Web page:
WASHINGTON, D.C. – U.S. Senator Shelley Moore Capito (R-W.Va.) joined a bipartisan group of senators this week to introducing the Law Enforcement De-escalation Training Act. The legislation, which was authored by U.S. Senators John Cornyn (R-Texas) and Sheldon Whitehouse (D-R.I.) will help law enforcement respond more effectively to people suffering mental or behavioral health crises. Specifically, the bill would improve training for police officers interacting with individuals dealing with mental or behavior health issues, including using alternatives to force and de-escalation tactics and working with mental health professionals on crisis intervention teams. It would also empower police and the mental health professionals working with them to link individuals to mental and behavioral health services in their community. 

“Our law enforcement officers are willing to put their lives on the line every day, and we owe them a great debt of gratitude,” Senator Capito said.  “I’m proud to join my colleagues in introducing this legislation, which will help provide critical resources to make our communities safer by better preparing officers to help those experiencing mental health emergencies.  It’s critical that we do all we can to support our brave law enforcement officers and provide support to vulnerable members of our communities in times of crisis, and this commonsense legislation will do just that.”


Underfunded and overworked mental and behavioral health systems often leave police to confront people who urgently need mental or behavioral health care. However, many police departments don’t train officers on how to deal with such situations, leading to encounters that are dangerous for all involved. 

In response, a growing number of communities have developed community intervention programs to help law enforcement address mental or behavioral health crises. These programs connect officers on the street with mental and behavioral health providers and hospital emergency services.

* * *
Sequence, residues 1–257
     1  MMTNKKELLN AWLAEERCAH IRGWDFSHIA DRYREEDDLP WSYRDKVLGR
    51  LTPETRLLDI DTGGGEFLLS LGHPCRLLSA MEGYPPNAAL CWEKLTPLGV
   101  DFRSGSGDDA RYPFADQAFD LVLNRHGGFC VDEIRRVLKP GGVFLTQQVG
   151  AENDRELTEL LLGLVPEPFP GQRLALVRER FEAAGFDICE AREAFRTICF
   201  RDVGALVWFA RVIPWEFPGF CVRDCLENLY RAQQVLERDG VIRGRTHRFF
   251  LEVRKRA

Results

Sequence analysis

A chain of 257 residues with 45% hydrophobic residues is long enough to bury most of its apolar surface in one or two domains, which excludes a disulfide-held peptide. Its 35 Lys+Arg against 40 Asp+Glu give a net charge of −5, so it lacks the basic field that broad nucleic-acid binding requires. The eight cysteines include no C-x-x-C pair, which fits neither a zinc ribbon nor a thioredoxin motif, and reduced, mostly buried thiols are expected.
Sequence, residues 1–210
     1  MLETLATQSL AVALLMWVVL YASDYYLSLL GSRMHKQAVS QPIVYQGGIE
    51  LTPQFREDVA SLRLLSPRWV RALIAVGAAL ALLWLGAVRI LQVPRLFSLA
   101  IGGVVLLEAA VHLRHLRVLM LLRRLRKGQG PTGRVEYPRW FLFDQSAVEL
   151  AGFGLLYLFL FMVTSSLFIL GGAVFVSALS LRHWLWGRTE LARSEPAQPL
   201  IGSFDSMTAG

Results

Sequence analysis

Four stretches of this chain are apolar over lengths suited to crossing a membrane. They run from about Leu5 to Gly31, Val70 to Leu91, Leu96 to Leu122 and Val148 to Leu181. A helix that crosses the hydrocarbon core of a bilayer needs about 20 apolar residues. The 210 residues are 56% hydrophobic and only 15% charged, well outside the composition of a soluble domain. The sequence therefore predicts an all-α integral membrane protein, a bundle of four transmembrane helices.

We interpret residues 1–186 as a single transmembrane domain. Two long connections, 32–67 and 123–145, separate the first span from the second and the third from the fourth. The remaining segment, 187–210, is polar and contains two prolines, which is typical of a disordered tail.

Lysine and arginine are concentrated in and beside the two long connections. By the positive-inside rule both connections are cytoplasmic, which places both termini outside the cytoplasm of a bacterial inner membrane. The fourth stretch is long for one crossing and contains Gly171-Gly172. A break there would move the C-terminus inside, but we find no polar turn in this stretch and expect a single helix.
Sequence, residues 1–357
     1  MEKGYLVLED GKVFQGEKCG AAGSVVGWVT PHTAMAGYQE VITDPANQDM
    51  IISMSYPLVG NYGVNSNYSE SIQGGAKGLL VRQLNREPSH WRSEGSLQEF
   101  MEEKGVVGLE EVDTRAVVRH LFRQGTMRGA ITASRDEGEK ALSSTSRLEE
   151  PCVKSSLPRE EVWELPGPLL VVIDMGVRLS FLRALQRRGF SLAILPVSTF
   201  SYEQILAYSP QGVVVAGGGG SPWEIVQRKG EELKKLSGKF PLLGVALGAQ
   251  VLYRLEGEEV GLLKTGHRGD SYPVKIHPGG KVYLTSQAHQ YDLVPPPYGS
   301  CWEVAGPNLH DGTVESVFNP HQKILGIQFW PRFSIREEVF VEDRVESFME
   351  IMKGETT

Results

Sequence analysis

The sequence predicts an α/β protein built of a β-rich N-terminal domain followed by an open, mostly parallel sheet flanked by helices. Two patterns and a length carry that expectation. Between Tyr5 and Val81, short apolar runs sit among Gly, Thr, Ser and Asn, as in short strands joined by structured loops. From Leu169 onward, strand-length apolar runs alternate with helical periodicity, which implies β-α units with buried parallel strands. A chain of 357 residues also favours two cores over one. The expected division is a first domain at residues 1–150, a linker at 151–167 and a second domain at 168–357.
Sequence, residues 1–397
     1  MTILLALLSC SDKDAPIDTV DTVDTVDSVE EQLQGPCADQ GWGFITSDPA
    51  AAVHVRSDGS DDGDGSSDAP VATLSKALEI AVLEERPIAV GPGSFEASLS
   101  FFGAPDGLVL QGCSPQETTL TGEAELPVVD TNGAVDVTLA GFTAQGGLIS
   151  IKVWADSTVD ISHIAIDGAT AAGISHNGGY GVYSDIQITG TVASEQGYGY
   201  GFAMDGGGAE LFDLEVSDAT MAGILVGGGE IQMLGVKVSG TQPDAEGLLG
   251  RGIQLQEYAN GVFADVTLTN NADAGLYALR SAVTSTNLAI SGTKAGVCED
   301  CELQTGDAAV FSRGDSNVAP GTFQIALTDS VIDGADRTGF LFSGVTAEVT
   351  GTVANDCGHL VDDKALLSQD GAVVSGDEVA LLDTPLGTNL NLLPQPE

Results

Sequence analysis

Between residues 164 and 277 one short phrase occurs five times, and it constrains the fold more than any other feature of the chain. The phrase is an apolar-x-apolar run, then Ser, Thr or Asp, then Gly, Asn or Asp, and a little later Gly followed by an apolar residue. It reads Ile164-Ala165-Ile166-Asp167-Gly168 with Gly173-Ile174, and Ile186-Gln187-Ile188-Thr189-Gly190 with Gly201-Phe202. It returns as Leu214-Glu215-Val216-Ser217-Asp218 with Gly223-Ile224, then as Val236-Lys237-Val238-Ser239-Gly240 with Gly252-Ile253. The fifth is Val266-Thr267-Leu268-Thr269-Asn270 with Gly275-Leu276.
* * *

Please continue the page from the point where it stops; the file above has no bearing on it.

In addition to protecting officers and communities, these programs reduce arrests and prison time for people in need of mental or behavioral health treatment. This is better for the individual facing mental or behavioral health challenges, and can save governments on prison costs. As the National Alliance on Mental Illness has observed, an inmate in Detroit battling mental illness costs $31,000 a year in jail, while mental health treatment costs only $10,000 a year in the community.

At minimum, all police officers should be equipped with the skills to respond to people with mental or behavioral health issues safely and with compassion. 

To improve officer training on mental and behavioral health, and to promote community intervention programs, the Law Enforcement De-escalation Training Act would: 

  • Require the U.S. Department of Justice’s (DOJ) Office of Community Oriented Policing Services to developing curricula in the training topics, or identifying existing curricula, in consultation with law enforcement, mental health organizations, family advocacy organizations, and civil liberties groups, among other stakeholders;
  • Authorize $70 million in annual grant funding for training, including scenario-based exercises and evaluative assessments;
  • Require the National Institute of Justice and the Government Accountability Office (GAO) to evaluate the implementation of the program and the effect of the training, to ensure that the curricula have a tangible impact on law enforcement encounters with people in crisis, and identify possible changes that would further improve outcomes.

The bill is endorsed by the National Criminal Justice Association, National Association of Counties, American Psychological Association, National Alliance on Mental Illness, American Counseling Association, National Register of Health Service Psychologists, American Association of Suicidology, Major Cities Chiefs Association, Major County Sheriffs of America, National Association of Police Organizations, National Sheriffs’ Association, the Fraternal Order of Police, the College of Psychiatric and Neurologic Pharmacists, the American Association on Health and Disability, the Lakeshore Foundation, the Anxiety and Depression Association of America, the American Association for Psychoanalysis in Clinical Social Work, the Maternal Mental Health Leadership Alliance, the National Association of Pediatric Nurse Practitioners, the National Association of County Behavioral Health and Developmental Disability Directors, the National Association for Rural Mental Health, and the Niskanen Center.

Full text of the legislation is available here. 

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